If you are the parent of a child with Apraxia you NEED to click the link to the article below. If you are the parent or therapist of a child with Apraxia and wear mascara or makeup; be prepared to do some touch up work after you finish reading unless you are comfortable looking like Ranger Rick.
I don’t have a child, family member or personal friend who’s affected by Apraxia, but I do treat patients with Apraxia. Apraxia is an emotional subject for me because I genuinely admire and am inspired by individuals with Apraxia. I can’t describe what it feels like as a clinician to watch a client work so hard to accomplish something that most people completely take for granted.
Kids with Apraxia are AMAZING!!! Imagine what it’s like to be a child and work without knowing if you will ever succeed for 3 days a week for 2 years to achieve a consistent intelligible production of “Hi, Bye, or Help”. Then imagine spending a similar amount of time learning to produce every sound in isolation. Next, you’ll need to imagine spending a significant amount of time learning to produce the sounds you’ve already mastered in isolation in different word or phrase combinations; because when you learn something in isolation that doesn’t mean you’ll be able to accurately produce that sound in phrases or sentences with alternating or difficult sound combinations. Now imagine that after all of that work, on some days due to the fact you’re experiencing stress, tired or for some completely unknown reason; all of that work doesn’t seem to translate into intelligible speech even though yesterday your speech was great.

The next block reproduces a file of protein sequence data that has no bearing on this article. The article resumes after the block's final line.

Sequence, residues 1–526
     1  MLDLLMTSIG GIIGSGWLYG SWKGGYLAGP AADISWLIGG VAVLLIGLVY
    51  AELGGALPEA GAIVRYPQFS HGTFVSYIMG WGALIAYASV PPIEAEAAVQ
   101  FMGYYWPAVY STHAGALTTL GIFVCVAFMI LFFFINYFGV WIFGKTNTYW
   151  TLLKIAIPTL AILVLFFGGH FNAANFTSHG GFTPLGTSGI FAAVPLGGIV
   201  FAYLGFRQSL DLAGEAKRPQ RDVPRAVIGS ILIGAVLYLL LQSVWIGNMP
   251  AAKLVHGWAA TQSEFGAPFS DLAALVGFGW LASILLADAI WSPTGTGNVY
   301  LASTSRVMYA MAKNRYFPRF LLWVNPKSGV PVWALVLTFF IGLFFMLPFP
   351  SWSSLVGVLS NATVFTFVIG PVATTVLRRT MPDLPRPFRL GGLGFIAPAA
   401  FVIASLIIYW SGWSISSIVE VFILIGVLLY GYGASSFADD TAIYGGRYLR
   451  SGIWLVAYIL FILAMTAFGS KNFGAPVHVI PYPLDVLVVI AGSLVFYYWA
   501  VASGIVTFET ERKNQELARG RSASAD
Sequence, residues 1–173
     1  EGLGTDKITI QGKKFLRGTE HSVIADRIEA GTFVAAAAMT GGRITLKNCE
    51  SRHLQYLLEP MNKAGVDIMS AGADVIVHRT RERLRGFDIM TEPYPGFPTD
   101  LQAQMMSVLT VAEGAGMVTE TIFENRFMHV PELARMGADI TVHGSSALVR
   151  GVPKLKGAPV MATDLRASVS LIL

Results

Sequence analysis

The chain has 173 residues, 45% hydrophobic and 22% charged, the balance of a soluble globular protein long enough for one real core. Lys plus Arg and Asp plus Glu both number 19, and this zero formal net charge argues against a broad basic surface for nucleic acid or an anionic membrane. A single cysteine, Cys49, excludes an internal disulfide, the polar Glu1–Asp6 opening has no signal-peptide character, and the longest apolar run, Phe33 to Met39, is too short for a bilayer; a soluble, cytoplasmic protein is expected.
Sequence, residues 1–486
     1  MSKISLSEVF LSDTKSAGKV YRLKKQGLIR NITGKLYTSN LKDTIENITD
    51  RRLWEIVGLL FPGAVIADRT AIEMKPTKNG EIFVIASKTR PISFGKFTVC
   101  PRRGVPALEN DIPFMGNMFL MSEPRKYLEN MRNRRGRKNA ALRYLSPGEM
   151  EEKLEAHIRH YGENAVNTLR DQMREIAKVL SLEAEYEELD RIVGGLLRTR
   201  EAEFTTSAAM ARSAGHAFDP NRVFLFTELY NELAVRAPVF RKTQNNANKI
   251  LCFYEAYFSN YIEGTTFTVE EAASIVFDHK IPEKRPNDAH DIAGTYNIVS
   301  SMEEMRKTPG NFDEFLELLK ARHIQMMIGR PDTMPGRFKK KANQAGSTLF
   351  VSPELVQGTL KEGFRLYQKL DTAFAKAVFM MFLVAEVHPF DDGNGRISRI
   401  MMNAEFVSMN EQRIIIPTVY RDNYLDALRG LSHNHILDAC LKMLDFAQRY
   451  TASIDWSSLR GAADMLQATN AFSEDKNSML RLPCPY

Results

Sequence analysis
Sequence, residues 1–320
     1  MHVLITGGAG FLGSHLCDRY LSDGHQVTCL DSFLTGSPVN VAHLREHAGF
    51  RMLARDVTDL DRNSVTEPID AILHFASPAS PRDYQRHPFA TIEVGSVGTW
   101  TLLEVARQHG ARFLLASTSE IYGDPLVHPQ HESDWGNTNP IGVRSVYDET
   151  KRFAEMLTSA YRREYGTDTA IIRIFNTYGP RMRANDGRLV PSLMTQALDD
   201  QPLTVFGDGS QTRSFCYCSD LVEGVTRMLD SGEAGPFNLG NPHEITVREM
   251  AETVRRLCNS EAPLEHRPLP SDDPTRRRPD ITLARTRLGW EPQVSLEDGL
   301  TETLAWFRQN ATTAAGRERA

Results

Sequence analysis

I forgot to mention that for the majority of this time you will be misunderstood, frustrated and have to go very long periods of time before someone figures out the wants and needs you observe others express without any noticeable effort. Now imagine after all of that still having the strength of character to meet each challenge with a kind spirit, unbelievable work ethic and a smile.
I know this doesn’t describe all kids with Apraxia, everyone is different; but I’m of the opinion that anyone who faces an extremely difficult set of circumstances in life and has the courage to risk failing greatly and consistently in an effort to succeed is worth admiring.
Former President Theodore Roosevelt wrote a great poem that describes the quality of character to which I am referring.
“It is not the critic who counts; not the man who points out how the strong man stumbles, or where the doer of deeds could have done them better. The credit belongs to the man who is actually in the arena, whose face is marred by dust and sweat and blood; who strives valiantly; who errs, who comes short again and again, because there is no effort without error and shortcoming; but who does actually strive to do the deeds; who knows great enthusiasms, the great devotions; who spends himself in a worthy cause; who at the best knows in the end the triumph of high achievement, and who at the worst, if he fails, at least fails while daring greatly, so that his place shall never be with those cold and timid souls who neither know victory nor defeat.
In the speech community the Ronda Rousey story has been shared quite a bit. I’m not sure if people outside of the speech community are aware that Ronda Rousey battled a communication disorder (Apraxia) long before she took down her first opponent in the MMA ring. For the parents and children affected by Apraxia, to know there’s someone out there who’s fought a fight similar to your own and emerged victorious is nothing short of incredibly inspirational.
I could say a lot more about this, but the blog post below about a little girl with Apraxia meeting Ronda Rousey is too good for me to continue.